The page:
3 things to consider when setting up a workshop.
September 2, 2019
Setting up a workshop of your own is a chance to take what you’ve previously learned and put it into practice in a new way. Instead of keeping that knowledge inside, sharing it with other people eager to learn is a very rewarding experience in its own right.
While we’re focused on pole and aerial dancing here at Vertical Wise, this article covers some basics about offering workshops which is widely applicable to other useful disciplines too.
Run Your Financials to Avoid Creating a Successful Loss!
No. That’s not a typo! What we mean is that it’s very easy to either not create a financial plan for your workshop, or fail to do it correctly. If so, it’s a simple matter to sell out all the places successfully but still end up losing money. A successful loss… Don’t do that.
On the income side, look at the local market to see what workshops are being offered and how expensive they are to attend. It may be possible to find information about recent ones and discover their pricing details with a bit of Googling. Total up the income estimate, remember to consider how you’ll receive payments (PayPal is an option), and don’t forget any fees.
On the expenses side, figure out the venue costs, the equipment needed, and break down each cost line by line. The most important thing is not to forget anything. Also, factor in the funding requirements to pay for venues upfront when revenues might not be received yet.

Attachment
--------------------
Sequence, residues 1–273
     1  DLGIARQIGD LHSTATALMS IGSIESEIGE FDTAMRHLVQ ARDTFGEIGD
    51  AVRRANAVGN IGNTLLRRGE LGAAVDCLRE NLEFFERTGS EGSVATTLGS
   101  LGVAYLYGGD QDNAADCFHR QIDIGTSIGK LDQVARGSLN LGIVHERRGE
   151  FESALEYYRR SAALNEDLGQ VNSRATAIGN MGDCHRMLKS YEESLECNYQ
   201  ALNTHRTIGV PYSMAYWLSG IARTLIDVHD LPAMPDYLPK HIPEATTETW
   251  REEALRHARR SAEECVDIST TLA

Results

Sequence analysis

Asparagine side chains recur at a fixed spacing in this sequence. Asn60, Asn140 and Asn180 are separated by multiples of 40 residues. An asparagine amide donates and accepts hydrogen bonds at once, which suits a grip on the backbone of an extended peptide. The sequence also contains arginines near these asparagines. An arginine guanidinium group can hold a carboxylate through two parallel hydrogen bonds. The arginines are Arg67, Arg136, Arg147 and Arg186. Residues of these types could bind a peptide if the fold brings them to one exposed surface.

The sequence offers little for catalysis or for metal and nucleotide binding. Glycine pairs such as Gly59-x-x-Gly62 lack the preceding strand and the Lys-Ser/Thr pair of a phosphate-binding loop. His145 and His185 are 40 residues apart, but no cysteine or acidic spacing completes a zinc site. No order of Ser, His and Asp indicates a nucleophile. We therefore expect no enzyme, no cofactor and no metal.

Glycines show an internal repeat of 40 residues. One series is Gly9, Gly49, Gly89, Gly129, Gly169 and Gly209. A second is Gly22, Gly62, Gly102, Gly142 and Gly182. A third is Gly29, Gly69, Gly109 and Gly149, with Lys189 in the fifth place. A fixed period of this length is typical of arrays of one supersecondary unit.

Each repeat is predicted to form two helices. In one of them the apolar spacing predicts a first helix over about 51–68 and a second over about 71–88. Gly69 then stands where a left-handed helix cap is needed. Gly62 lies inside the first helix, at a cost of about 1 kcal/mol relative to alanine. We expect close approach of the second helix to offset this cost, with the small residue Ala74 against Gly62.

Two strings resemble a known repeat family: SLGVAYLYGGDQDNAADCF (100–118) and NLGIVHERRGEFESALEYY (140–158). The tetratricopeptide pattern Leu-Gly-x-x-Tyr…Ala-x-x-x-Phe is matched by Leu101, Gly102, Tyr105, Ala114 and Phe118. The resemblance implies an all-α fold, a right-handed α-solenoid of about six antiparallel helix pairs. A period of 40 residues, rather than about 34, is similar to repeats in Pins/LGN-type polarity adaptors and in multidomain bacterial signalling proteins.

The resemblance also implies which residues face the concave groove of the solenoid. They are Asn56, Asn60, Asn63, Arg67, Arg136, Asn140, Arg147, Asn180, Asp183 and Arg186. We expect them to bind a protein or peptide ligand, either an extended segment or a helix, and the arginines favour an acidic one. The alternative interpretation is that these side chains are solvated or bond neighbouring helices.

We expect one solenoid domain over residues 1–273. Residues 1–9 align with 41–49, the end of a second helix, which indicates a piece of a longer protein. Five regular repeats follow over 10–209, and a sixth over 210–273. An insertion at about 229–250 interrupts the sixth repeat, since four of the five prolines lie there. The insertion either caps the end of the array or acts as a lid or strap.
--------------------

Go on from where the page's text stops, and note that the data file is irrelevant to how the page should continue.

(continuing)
Book the Space Early
If you don’t already have a dedicated space where you run workshops, then you’ll need to consider what venue makes the most sense. Bear in mind that the better located, well-featured venues are the ones that get booked out months in advance, leaving the less optimal ones remaining. For this reason, you need to book as early as possible.
When you’ve worked out your financials, then you know how large a space you’ll require for the workshop. This does help to narrow the field. Use the Google Maps app to highlight the different venues with a pin to see where they are in relation to road connections, residential or business districts, and other places of interest.
Depending on how attractive your workshop is, people may travel a considerable distance to attend it. As such, don’t rely on everyone being local enough to pay in cash at the venue. There are considerable cashflow advantages to taking bookings online to reserve places at the workshop. Also, it confirms who’ll be attending and provides an early indication whether the venture will be profitable.
To sell online, getting a website is an excellent idea. You can present your workshop in the best possible light. Once you have web hosting provided by a reliable UK company like Krystal.co.uk, arrange to use an online payment processor such as PayPal or Stripe to accept payments.
While putting on a workshop is a little bit nerve-wracking at first, it’s okay once you get the hang of it. Just follow the above steps to avoid making any crucial mistakes.
James Daniels is a freelance writer, business enthusiast, a bit of a tech buff, and an overall geek. He is also an avid reader, who can while away hours reading and knowing about the latest gadgets and tech, whilst offering views and opinions on these topics.